Education and Inspections Bill — Third Reading — 24 May 2006 at 18:55

Geraldine Smith MP, Morecambe and Lunesdale voted in the minority (No).

The majority Aye voters agreed that the Education and Inspections Bill should be read a Third Time.

It has now passed all its stages in the House of Commons and moves to the House of Lords for further deliberation before it becomes law as an Act of Parliament.

The main aims of the Education and Inspections Bill were to[1]:

  • Allow schools to achieve 'foundation' or 'trust' status - this gives governing bodies greater freedom to manage the school.
  • Reaffirm the existing ban on selection by ability and proposes a ban on interviewing.
  • Give local authorities greater scope to intervene more quickly in failing schools.
  • Ensure local authorities provide free school transport for the poorest families.
  • Enable nutritional standards to be applied to all food and drink on school premises.
  • Allow staff to discipline children for bad behaviour even outside of school.
  • Ensure parents are held responsible for excluded pupils.


Debate in Parliament | Source |

Party Summary

Votes by party, red entries are votes against the majority for that party.

What is Tell? '+1 tell' means that in addition one member of that party was a teller for that division lobby.

What are Boths? An MP can vote both aye and no in the same division. The boths page explains this.

What is Turnout? This is measured against the total membership of the party at the time of the vote.

PartyMajority (Aye)Minority (No)BothTurnout
Con159 0081.5%
DUP6 0066.7%
Lab256 (+2 tell) 46086.1%
LDem0 53 (+2 tell)087.3%
SDLP1 0033.3%
Total:422 99084.3%

Rebel Voters - sorted by party

MPs for which their vote in this division differed from the majority vote of their party. You can see all votes in this division, or every eligible MP who could have voted in this division

Sort by: Name | Constituency | Party | Vote

Diane AbbottHackney North and Stoke NewingtonLabno
John AustinErith and ThamesmeadLab (minister)no
Colin BurgonElmetLab (minister)no
Martin CatonGowerLab (minister)no
Michael ClaphamBarnsley West and PenistoneLab (minister)no
Katy ClarkNorth Ayrshire and ArranLab (minister)no
David ClellandTyne BridgeLab (minister)no
Jeremy CorbynIslington NorthLabno
Jon CruddasDagenhamLabno
Ian DavidsonGlasgow South WestLab (minister)no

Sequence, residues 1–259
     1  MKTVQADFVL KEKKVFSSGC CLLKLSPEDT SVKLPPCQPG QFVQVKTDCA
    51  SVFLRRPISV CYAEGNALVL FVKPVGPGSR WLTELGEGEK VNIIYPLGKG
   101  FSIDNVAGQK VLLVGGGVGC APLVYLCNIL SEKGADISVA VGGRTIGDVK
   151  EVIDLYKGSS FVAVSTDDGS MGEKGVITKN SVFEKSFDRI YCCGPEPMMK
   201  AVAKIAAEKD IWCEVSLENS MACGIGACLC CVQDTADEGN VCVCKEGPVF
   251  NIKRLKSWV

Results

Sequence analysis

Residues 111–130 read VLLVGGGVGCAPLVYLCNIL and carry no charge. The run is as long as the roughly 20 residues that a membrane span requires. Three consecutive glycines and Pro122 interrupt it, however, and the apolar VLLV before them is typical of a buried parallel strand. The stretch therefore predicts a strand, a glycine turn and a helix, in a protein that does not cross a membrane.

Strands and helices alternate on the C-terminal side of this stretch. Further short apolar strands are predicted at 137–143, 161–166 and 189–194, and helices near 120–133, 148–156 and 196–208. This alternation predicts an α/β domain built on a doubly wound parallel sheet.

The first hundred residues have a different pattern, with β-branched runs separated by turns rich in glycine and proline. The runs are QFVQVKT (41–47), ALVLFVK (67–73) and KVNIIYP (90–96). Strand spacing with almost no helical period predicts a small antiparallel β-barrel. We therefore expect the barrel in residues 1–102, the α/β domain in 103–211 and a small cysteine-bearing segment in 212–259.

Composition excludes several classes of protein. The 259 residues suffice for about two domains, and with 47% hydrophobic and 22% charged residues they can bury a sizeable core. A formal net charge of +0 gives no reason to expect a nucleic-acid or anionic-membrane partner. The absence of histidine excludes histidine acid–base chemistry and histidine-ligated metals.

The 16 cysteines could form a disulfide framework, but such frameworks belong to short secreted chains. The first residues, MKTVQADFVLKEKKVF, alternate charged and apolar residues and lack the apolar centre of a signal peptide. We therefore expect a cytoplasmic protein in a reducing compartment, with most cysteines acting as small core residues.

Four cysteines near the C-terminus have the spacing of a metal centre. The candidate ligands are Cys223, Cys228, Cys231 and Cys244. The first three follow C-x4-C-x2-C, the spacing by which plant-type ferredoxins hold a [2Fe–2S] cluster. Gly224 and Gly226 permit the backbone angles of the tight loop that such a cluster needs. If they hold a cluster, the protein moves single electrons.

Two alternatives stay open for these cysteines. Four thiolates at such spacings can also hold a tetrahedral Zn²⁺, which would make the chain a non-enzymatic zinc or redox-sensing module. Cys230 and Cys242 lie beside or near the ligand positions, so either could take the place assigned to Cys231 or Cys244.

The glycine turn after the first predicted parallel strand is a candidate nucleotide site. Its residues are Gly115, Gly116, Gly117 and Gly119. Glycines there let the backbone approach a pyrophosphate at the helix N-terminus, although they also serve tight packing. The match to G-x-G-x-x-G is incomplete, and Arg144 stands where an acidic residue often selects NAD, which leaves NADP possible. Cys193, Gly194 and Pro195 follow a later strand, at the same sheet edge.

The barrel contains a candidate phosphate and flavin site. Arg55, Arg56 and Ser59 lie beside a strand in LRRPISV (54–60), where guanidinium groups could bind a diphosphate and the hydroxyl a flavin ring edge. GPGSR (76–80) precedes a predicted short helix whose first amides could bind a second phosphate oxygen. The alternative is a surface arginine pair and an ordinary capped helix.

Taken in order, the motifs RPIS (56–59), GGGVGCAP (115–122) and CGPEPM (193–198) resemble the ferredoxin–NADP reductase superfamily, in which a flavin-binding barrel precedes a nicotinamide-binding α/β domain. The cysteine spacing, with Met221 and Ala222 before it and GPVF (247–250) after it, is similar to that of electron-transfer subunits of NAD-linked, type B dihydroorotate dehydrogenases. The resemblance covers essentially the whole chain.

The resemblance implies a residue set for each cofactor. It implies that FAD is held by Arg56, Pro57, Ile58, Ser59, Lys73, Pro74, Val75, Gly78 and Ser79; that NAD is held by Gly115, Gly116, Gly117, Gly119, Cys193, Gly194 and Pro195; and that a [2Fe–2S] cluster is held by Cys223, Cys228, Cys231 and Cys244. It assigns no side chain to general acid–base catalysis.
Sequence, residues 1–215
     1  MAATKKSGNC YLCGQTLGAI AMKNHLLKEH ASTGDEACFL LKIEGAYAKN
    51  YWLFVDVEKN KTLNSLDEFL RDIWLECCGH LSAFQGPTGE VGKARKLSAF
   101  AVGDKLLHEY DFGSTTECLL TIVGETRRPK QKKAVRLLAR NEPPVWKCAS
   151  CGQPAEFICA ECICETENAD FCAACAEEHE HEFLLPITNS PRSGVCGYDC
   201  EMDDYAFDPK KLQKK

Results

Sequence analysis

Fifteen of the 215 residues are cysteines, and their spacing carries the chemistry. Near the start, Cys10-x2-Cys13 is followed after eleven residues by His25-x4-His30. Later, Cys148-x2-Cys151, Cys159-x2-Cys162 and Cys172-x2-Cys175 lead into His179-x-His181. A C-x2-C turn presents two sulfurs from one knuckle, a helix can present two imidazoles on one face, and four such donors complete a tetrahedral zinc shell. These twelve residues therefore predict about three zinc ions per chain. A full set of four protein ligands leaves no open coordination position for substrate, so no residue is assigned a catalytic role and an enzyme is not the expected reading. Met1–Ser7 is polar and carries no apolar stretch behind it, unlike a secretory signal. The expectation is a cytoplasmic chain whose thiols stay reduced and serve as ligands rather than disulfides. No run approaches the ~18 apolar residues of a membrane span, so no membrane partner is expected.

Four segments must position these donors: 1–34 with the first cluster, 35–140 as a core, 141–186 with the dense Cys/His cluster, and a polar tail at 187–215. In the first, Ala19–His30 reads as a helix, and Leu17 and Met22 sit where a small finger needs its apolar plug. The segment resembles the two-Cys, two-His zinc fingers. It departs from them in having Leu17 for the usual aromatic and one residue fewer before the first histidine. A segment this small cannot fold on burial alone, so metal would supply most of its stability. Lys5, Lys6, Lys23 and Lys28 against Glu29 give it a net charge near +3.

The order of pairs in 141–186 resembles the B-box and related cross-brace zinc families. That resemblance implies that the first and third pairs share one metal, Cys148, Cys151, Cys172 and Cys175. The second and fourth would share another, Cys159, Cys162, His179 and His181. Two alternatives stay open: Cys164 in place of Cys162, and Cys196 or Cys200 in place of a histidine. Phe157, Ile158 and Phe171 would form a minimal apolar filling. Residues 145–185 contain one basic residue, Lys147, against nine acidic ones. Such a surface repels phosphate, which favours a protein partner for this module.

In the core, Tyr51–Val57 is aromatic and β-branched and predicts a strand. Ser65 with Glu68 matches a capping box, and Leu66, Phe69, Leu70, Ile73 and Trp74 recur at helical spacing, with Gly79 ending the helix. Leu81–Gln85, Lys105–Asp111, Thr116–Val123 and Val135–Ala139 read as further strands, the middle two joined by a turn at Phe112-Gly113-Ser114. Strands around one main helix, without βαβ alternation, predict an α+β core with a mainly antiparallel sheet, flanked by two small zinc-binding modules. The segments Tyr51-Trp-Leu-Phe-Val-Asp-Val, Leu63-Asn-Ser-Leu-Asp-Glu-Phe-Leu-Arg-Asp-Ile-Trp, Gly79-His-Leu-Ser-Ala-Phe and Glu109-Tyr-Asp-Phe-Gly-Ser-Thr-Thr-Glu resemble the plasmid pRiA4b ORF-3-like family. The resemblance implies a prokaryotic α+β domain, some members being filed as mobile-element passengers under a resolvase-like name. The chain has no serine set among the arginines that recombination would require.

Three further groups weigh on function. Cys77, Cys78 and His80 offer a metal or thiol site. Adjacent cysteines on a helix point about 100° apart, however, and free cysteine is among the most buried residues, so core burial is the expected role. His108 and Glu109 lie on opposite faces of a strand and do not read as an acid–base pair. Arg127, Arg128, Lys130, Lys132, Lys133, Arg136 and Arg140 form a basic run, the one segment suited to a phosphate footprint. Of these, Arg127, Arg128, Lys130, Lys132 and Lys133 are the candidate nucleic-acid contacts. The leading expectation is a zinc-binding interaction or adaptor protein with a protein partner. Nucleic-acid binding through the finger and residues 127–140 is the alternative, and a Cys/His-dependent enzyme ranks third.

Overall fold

Jim DevineLivingstonLab (minister)no
Jim DobbinHeywood and MiddletonLab (minister)no
Frank DobsonHolborn and St PancrasLab (minister)no
Gwyneth DunwoodyCrewe and NantwichLab (minister)no
Clive EffordElthamLab (minister)no
Paul FlynnNewport WestLab (minister)no
Ian GibsonNorwich NorthLabno
Roger GodsiffBirmingham, Sparkbrook and Small HeathLabno
John GroganSelbyLab (minister)no
Dai HavardMerthyr Tydfil and RhymneyLab (minister)no
David HeyesAshton-under-LyneLab (minister)no
Kelvin HopkinsLuton NorthLab (minister)no
Joan HumbleBlackpool North and FleetwoodLab (minister)no
Glenda JacksonHampstead and HighgateLabno
Helen JonesWarrington NorthLab (minister)no
Peter KilfoyleLiverpool, WaltonLabno
John McDonnellHayes and HarlingtonLabno
Jim McGovernDundee WestLab (minister)no
Michael MeacherOldham West and RoytonLabno
George MudieLeeds EastLab (minister)no
Gordon PrenticePendleLab (minister)no
Gwyn ProsserDoverLab (minister)no
Ken PurchaseWolverhampton North EastLab (minister)no
Linda RiordanHalifaxLab (minister)no
Alan SimpsonNottingham SouthLabno
Dennis SkinnerBolsoverLab (minister)no
Geraldine SmithMorecambe and LunesdaleLabno
John SmithVale of GlamorganLab (minister)no
Peter SoulsbyLeicester SouthLab (minister)no
Ian StewartEcclesLabno
David TaylorNorth West LeicestershireLab (minister)no
Jon TrickettHemsworthLab (minister)no
Paul TruswellPudseyLabno
Desmond TurnerBrighton, KemptownLab (minister)no
Robert WareingLiverpool, West Derbywhilst Labno
Mike WoodBatley and SpenLabno

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